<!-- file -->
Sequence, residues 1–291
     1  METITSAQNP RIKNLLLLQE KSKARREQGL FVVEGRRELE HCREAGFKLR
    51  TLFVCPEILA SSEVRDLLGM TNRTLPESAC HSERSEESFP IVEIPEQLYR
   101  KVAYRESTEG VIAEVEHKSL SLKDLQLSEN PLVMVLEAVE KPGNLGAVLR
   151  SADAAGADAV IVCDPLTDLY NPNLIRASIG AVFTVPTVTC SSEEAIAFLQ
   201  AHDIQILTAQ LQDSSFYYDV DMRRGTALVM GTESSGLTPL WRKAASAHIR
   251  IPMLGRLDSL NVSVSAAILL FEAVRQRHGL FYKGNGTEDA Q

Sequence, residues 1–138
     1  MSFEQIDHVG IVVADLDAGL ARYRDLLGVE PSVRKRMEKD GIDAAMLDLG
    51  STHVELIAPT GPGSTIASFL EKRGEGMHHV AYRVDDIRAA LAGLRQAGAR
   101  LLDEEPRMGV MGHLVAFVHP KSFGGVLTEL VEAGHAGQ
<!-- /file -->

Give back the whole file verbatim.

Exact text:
Sequence, residues 1–291
     1  METITSAQNP RIKNLLLLQE KSKARREQGL FVVEGRRELE HCREAGFKLR
    51  TLFVCPEILA SSEVRDLLGM TNRTLPESAC HSERSEESFP IVEIPEQLYR
   101  KVAYRESTEG VIAEVEHKSL SLKDLQLSEN PLVMVLEAVE KPGNLGAVLR
   151  SADAAGADAV IVCDPLTDLY NPNLIRASIG AVFTVPTVTC SSEEAIAFLQ
   201  AHDIQILTAQ LQDSSFYYDV DMRRGTALVM GTESSGLTPL WRKAASAHIR
   251  IPMLGRLDSL NVSVSAAILL FEAVRQRHGL FYKGNGTEDA Q

Sequence, residues 1–138
     1  MSFEQIDHVG IVVADLDAGL ARYRDLLGVE PSVRKRMEKD GIDAAMLDLG
    51  STHVELIAPT GPGSTIASFL EKRGEGMHHV AYRVDDIRAA LAGLRQAGAR
   101  LLDEEPRMGV MGHLVAFVHP KSFGGVLTEL VEAGHAGQ